High temperatures in Mexico and California, coupled with the effects of El Niño, have sent avocado prices to levels unseen in the United States since the import ban on the Mexican fruit was lifted in 1997.
Eight out of 10 avocados sold in the United States come from Mexico.
The avocado price rise was felt particularly just before the July 4 holiday.
Two months ago, the wholesale price of a single avocado was about $1, when purchased in the customary double-layer, 25-pound box of 48 avocados. This week, said produce wholesaler John Vena, who's been in the game for 40 years, an avocado costs about $1.70, as the wholesale box price is upwards of $80.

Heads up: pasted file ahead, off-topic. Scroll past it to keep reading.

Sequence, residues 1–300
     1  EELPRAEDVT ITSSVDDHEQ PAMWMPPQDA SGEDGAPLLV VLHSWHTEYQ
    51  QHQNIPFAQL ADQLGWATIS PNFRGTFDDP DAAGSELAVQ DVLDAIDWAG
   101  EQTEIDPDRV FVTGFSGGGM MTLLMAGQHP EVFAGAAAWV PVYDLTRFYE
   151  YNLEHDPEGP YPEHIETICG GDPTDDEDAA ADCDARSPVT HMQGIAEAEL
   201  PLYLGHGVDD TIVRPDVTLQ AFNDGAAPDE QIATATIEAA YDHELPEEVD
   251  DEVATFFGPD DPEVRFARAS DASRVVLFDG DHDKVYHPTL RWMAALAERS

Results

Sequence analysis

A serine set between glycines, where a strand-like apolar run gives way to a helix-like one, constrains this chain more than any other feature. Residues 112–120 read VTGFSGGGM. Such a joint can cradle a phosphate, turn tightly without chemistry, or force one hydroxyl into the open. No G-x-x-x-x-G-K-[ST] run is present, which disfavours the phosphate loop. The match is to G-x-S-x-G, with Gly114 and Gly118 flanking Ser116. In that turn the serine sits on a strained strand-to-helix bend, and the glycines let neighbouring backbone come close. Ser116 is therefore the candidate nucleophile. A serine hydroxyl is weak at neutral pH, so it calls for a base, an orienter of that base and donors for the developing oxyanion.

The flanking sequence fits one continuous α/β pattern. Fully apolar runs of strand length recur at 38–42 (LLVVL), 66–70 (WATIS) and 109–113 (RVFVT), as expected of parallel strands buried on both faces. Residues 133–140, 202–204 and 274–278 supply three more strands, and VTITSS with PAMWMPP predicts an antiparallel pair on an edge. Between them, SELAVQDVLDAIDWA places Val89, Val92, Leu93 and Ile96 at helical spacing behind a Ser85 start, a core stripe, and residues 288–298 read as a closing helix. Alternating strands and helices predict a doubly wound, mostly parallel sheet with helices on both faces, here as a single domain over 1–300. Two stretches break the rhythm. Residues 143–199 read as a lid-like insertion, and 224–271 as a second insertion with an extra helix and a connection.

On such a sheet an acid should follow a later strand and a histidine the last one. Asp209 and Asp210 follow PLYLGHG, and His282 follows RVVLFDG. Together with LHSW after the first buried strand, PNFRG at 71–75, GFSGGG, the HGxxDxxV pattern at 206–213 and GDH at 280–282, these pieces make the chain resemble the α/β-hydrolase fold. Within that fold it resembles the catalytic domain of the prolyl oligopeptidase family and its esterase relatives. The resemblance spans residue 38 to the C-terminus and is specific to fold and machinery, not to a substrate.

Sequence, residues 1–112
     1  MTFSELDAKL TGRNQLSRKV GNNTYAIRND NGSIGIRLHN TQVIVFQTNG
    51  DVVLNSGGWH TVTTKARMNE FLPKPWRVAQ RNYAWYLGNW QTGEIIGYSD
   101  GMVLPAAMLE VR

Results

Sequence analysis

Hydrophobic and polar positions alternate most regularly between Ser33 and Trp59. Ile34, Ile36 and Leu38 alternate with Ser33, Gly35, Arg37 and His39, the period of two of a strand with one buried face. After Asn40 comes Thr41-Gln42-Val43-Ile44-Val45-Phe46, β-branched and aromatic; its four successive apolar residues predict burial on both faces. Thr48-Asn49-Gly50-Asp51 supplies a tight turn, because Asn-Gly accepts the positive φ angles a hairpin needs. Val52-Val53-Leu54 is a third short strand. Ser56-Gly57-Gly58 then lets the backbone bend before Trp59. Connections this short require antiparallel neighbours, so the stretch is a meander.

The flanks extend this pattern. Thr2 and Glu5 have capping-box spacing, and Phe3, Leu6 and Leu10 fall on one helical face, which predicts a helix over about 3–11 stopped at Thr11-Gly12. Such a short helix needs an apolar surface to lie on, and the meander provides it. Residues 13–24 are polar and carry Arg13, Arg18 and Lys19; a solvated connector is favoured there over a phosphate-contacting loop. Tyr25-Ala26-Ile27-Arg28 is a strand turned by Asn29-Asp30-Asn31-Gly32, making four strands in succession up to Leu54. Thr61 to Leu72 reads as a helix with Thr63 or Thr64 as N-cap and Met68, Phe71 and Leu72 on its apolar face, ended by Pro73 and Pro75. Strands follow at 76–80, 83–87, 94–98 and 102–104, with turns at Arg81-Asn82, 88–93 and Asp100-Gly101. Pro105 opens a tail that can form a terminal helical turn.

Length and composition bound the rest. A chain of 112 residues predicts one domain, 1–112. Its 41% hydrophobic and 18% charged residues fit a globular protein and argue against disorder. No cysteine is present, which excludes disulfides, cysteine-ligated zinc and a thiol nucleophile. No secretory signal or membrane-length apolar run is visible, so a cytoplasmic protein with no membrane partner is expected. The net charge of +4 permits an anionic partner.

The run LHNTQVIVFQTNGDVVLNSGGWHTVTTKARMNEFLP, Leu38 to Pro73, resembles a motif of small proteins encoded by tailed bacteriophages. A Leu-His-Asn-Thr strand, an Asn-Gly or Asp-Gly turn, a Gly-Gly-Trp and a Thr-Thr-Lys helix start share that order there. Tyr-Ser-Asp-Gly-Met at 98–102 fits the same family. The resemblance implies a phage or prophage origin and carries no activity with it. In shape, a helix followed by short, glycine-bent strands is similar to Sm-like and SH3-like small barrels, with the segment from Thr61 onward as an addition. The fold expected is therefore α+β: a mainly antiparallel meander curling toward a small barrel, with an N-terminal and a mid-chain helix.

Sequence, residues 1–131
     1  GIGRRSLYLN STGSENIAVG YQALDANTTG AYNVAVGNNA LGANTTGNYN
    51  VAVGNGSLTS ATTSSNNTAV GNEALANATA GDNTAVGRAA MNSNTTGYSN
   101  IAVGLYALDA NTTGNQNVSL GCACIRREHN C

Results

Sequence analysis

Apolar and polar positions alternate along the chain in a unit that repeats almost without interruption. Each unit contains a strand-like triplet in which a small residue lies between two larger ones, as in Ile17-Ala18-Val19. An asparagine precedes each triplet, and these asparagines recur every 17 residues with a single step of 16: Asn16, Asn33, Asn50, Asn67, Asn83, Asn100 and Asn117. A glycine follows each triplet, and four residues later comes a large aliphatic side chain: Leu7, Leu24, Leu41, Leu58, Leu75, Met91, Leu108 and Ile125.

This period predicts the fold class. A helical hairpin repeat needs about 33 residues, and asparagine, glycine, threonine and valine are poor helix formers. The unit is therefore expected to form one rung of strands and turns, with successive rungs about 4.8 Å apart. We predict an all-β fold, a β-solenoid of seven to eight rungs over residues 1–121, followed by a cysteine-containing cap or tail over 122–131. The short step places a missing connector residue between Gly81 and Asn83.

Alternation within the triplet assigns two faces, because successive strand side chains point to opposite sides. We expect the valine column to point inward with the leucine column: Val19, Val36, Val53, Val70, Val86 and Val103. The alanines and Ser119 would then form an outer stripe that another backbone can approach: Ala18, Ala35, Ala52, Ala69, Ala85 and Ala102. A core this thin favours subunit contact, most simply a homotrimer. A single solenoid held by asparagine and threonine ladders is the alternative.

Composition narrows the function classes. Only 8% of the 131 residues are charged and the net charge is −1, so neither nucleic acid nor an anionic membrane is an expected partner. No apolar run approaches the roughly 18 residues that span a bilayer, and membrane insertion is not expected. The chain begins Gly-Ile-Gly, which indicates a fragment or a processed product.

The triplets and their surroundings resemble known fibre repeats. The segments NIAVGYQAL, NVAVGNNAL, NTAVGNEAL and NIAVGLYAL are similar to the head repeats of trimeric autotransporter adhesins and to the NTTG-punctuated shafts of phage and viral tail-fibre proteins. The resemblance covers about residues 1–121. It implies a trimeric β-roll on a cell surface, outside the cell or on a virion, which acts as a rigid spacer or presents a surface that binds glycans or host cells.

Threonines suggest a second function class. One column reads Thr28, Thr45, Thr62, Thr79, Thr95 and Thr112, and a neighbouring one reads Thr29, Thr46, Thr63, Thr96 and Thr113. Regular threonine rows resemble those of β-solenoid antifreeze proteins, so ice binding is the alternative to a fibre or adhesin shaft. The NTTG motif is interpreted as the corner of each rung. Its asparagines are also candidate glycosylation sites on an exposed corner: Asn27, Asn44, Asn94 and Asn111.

Consumers and smaller restaurants with weaker buying power are feeling the pinch the worst, because of markups and delivery charges.
"We're not offering [sides of] guacamole," said Ben Miller, who owns the restaurant South Philly Barbacoa with his wife, Cristina Martinez. "We're doing more salsas." The few avocados they now buy are used for guacamole spread on tortas.
Vena says he believes that some relief will be felt when Peruvian avocados reach the market, as will another "bloom" of Mexican avocados.